Written in 1904 (CW 9)
Given his energetic involvement in practical initiatives and extensive lecturing, Rudolf Steiner had very little time to write. Of the books he found time to write, four titles are considered indispensable introductions to his teaching as a whole: How to Know Higher Worlds; An Outline of Esoteric Science; Intuitive Thinking As a Spiritual Path; and Theosophy. With the exception of his Anthroposophical Leading Thoughts and Autobiography, Steiner’s writings belong to his earliest work.
In this classic translation of Theosophy, Steiner brings us a psychology based not on the conventional duality of body and mind, but on the more ancient division of body, soul, and spirit. Steiner offers a detailed description of the functions and organs of the three aspects of the human being, as well as the objective realms to which they belong. Just as the physical body originates in and belongs to the material world, so too do the human soul and spirit belong to their specific realms. These are the dimensions through which all human beings travel in the life after death, and in which—after passing the “midnight hour”—we begin to seek our karma and destiny in a new life. Theosophy features one of the most comprehensive and condensed of all Steiner’s accounts of these realms, as well as the events our immortal being experiences in passing through them.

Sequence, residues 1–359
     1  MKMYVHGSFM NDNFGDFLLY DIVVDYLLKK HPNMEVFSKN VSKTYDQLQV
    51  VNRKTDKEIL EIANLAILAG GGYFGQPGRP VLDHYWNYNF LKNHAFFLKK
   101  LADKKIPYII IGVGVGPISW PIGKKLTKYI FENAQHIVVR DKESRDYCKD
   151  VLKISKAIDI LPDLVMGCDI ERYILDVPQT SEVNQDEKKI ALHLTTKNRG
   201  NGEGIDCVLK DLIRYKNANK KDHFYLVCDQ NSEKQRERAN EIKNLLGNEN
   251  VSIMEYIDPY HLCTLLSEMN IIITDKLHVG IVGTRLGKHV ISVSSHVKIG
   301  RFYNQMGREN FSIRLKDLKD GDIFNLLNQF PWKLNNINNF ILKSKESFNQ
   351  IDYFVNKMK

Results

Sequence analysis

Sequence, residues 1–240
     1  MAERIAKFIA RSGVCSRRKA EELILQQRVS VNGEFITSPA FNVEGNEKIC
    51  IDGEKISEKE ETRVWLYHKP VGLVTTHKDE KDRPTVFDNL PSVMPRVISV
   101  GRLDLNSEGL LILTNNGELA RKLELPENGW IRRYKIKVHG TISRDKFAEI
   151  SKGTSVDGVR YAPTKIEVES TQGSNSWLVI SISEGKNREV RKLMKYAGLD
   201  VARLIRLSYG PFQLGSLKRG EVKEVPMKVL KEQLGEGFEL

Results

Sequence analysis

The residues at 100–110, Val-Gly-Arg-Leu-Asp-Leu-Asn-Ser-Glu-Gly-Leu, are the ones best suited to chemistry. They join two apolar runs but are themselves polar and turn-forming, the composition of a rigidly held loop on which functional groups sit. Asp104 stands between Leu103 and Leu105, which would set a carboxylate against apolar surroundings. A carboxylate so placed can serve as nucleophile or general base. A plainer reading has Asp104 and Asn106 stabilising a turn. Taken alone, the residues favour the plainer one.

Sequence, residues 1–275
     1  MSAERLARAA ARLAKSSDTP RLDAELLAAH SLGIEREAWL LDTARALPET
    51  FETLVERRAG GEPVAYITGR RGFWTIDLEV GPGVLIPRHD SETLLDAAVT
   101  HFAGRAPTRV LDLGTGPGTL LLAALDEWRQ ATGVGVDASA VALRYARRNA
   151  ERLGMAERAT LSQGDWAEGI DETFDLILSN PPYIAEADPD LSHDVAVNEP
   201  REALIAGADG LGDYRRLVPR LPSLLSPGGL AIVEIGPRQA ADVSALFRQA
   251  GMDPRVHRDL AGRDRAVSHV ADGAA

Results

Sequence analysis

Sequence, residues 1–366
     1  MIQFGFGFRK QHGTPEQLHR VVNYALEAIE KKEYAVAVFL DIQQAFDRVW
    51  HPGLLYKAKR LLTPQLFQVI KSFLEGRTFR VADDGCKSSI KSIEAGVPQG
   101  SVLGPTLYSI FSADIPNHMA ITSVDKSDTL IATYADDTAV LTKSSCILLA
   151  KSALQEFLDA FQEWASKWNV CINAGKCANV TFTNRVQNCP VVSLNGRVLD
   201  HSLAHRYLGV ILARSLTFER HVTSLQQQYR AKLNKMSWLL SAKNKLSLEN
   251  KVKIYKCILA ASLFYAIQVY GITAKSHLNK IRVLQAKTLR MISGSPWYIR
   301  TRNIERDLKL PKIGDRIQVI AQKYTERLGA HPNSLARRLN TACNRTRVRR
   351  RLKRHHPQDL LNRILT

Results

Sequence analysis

The book ends with a chapter on the modern “path of knowledge,” in which Steiner describes exercises by means of which everyone can develop the latent powers of perception needed to know the higher worlds.
This volume is a translation of «Theosophie, Einführung in übersinnliche Welterkenntnis und Menschenbestimmung» (GA 9)
Rudolf Steiner (1861–1925) was born in the small village of Kraljevec, Austro-Hungarian Empire (now in Croatia), where he grew up (see right). As a young man, he lived in Weimar and Berlin, where he became a well-published scientific, literary, and philosophical scholar, known especially for his work with Goethe’s scientific writings. At the beginning of the twentieth century, he began to develop his early philosophical principles into an approach to systematic research into psychological and spiritual phenomena. Formally beginning his spiritual teaching career under the auspices of the Theosophical Society, Steiner came to use the term Anthroposophy (and spiritual science) for his philosophy, spiritual research, and findings. The influence of Steiner’s multifaceted genius has led to innovative and holistic approaches in medicine, various therapies, philosophy, religious renewal, Waldorf education, education for special needs, threefold economics, biodynamic agriculture, Goethean science, architecture, and the arts of drama, speech, and eurythmy. In 1924, Rudolf Steiner founded the General Anthroposophical Society, which today has branches throughout the world. He died in Dornach, Switzerland.